Adams publishes children’s book on Goosey Goose

Nancy Adams of rural Melbourne has just released her second children’s book. It tells the story of Goosey Goose, the creature that first lived on her family farm, then spent the last four years of his life at Riverside Cemetery. The book is available directly from the author and at the cemetery. INSET: Goosey Goose (2000-18) died earlier this year, and is buried near Lake Woodmere at the cemetery.

The Times-Republican first shared the story of Goosey Goose in the July 21, 2015 article “The Golden Goose of Riverside Cemetery.” The popular waterfowl, who died on Jan. 2 at the age of 18, is now the subject of a new children’s book, penned by his former owner, Nancy Adams of rural Melbourne.

The book, entitled “The Golden Goose of Riverside,” chronicles the goose’s journey from birth, his life on Adams’ farm, and eventual arrival to the cemetery to live among other birds of his kind, after the other geese on the farm passed away.

“I knew when we moved him to Riverside in 2014, this would make a good story,” Adams said.

However, the goose’s recent death made her re-work the book’s ending.

“When we first got Goosey Goose’s parents, we thought they were infertile, and then years later they had him and Joe, so the story is about an unexpected gift of new life and family — animal and human,” Adams explained.

Adams was assisted by illustrators Ken Shuey and David Briggs, who helped make her mental imagery come alive on the pages.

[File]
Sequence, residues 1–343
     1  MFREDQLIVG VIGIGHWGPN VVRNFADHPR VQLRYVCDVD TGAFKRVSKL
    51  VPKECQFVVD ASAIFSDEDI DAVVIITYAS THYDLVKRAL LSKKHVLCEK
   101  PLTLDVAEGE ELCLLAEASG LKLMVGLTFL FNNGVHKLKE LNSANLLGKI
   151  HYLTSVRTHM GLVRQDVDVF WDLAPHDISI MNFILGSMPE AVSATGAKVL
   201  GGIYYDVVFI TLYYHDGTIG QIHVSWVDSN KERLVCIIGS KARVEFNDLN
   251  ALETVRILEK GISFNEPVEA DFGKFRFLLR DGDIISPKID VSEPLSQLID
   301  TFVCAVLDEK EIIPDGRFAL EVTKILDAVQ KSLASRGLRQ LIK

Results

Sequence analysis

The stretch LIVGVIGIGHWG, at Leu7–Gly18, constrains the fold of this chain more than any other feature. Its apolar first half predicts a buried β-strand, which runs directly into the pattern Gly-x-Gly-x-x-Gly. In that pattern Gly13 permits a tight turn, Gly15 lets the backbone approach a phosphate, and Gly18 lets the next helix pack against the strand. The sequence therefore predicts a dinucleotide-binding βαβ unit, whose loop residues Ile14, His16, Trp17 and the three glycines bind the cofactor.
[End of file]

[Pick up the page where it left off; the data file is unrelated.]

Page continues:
While the tale is aimed at kids ages 5-7, Adams thinks people of all ages can appreciate its concepts.

“The book is about the importance of belonging, and the need for living things to be with others. There are themes of loss too,” she said. “There are lots of talking points and lessons within the story.”

She credits the staff at Riverside Cemetery for keeping the goose happy during the remaining years of his life, as well as the general public that enjoyed feeding him and the other waterfowl.

“It was hard to have him go to Riverside, but we thought that was best,” she said.

Marshalltown landmarks and references are peppered throughout the book, as are nods to her first book “Transatlantic Bunny.” Adams, her son Levi Castle, and cemetery General Manager Dorie Tammen and cemetery genealogist Jay Carollo are portrayed in the book. Fun facts about Marshalltown, as well as real photos of Goosey Goose, close the book.

Signed copies of the book are available at Riverside Cemetery and by getting in touch with the author at: nanceab@partnercom.net. Ten percent of the book’s proceeds will go to a fund set up to care for the wildlife at Riverside Cemetery.


Contact Sara Jordan-Heintz at 641-753-6611 or sjordan@timesrepublican.com